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Medical regulators have been warning that the downside of unproven stem cell treatments isn’t merely that they won’t work, but that they can be life-threatening.

A team of Canadian physicians has just reported an especially gruesome example of what can go wrong when desperate patients chase after last-ditch cures in what’s known as stem cell tourism. Their subject is a 38-year-old Newfoundland man who became a paraplegic after a trampoline accident at the age of 20 injured his spinal column.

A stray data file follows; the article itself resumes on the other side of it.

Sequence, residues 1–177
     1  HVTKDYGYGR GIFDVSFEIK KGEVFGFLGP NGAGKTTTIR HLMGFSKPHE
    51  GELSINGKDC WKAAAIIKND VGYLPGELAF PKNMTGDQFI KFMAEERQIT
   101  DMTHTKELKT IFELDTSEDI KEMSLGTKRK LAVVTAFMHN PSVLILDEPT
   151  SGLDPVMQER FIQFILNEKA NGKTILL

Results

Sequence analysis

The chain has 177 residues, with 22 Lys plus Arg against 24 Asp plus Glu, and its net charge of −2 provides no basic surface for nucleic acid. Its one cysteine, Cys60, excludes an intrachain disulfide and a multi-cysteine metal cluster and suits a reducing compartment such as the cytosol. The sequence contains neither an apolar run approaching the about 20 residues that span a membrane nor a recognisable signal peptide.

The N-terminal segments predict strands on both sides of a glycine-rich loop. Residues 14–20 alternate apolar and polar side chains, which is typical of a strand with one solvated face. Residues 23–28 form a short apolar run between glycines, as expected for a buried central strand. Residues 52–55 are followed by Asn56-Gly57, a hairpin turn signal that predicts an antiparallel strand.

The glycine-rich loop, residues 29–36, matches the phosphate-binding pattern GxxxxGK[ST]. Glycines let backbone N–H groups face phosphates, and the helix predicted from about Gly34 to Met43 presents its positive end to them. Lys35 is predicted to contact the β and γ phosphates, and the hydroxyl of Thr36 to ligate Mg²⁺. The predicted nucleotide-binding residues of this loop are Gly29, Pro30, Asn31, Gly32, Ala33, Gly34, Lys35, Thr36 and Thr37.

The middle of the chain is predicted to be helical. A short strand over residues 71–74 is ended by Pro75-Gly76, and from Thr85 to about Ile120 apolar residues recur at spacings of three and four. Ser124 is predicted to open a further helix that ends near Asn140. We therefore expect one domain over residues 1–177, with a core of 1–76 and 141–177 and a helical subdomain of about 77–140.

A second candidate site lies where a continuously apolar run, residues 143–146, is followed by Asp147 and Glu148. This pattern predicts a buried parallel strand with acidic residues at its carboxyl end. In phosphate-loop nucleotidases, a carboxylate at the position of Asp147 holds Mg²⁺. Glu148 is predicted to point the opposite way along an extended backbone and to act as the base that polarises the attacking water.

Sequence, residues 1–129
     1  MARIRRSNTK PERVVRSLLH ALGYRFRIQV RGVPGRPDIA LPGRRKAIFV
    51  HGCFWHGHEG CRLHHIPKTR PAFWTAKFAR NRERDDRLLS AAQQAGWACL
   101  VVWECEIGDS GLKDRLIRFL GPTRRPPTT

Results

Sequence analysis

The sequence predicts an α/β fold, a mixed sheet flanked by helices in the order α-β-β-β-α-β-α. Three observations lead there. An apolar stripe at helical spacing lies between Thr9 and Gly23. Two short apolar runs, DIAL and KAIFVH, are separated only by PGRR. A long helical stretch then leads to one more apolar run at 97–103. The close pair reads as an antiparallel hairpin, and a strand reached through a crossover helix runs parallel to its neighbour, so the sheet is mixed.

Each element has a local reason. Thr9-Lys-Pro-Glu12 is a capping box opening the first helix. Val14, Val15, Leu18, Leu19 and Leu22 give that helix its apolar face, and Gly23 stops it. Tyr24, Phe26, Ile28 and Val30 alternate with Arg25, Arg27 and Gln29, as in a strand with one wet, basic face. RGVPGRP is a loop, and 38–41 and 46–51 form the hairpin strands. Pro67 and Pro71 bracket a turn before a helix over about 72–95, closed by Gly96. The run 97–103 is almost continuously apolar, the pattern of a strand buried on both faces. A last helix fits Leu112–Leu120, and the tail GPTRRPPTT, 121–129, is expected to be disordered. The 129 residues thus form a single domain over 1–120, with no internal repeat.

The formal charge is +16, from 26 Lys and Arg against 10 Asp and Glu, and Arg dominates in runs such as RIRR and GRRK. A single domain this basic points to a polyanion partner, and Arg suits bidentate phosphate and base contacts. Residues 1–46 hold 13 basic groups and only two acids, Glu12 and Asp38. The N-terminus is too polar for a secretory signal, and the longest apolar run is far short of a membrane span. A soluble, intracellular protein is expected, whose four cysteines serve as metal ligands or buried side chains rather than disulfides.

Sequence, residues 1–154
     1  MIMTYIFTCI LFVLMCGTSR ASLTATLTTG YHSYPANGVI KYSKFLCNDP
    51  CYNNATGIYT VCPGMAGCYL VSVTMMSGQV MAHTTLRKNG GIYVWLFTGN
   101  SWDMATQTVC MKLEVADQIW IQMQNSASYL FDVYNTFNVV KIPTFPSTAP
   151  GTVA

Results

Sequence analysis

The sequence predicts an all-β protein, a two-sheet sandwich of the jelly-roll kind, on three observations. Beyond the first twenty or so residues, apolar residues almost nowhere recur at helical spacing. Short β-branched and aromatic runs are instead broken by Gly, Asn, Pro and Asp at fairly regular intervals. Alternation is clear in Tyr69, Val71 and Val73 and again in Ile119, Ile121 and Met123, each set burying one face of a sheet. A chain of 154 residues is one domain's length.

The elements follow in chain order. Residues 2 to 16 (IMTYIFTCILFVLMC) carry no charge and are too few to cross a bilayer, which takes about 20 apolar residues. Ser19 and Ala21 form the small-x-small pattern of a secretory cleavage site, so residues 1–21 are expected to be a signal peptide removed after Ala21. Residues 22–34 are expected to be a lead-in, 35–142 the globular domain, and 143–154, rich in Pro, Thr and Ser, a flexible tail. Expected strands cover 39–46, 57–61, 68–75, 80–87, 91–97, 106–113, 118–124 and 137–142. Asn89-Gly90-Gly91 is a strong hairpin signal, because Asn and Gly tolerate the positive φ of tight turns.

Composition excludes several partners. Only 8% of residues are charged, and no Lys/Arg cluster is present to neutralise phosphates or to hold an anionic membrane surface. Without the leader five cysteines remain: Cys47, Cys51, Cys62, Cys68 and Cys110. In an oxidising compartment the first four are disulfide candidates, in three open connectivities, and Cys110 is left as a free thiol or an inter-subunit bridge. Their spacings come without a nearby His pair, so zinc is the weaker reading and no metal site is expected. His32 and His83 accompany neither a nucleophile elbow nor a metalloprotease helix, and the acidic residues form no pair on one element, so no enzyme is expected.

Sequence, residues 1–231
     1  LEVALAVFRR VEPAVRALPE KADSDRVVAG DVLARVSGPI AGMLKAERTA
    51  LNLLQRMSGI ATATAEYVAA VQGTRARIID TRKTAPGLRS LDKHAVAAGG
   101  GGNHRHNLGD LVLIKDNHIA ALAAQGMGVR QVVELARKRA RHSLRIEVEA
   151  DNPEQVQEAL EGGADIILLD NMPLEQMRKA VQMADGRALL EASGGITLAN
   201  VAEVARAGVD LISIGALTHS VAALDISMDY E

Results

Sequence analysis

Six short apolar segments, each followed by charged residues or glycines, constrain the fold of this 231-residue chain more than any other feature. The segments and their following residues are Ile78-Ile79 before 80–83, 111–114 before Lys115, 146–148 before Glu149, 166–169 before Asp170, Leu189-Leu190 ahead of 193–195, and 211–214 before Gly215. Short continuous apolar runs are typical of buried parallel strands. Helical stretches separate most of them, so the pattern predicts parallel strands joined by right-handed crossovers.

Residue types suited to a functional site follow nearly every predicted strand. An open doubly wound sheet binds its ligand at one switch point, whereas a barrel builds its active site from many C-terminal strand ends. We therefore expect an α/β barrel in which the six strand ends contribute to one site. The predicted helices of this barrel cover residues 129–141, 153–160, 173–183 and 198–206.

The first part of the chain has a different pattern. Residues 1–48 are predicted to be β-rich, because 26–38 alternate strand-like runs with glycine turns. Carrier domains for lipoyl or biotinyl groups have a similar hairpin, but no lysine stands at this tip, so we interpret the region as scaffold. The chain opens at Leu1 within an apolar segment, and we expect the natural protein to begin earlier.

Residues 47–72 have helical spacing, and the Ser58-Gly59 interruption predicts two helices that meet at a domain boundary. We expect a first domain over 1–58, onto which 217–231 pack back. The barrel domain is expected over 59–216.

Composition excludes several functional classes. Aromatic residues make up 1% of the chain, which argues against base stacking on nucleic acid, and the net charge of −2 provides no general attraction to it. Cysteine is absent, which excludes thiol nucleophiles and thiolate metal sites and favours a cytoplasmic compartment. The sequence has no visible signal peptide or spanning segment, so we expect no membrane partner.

Six years later, he traveled to Portugal for a stem cell treatment. Doctors there transplanted olfactory mucosal cells drawn from his upper nasal passages into the site of his spinal injury. He never got better, but years later started getting worse.

Doctors at Memorial University of Newfoundland discovered that the olfactory cells had never differentiated into neuronal cells, as the Portuguese clinic apparently expected, but kept growing on their own, producing a tumor of nasal cells that’s now too large to be surgically removed.

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Los Angeles Times

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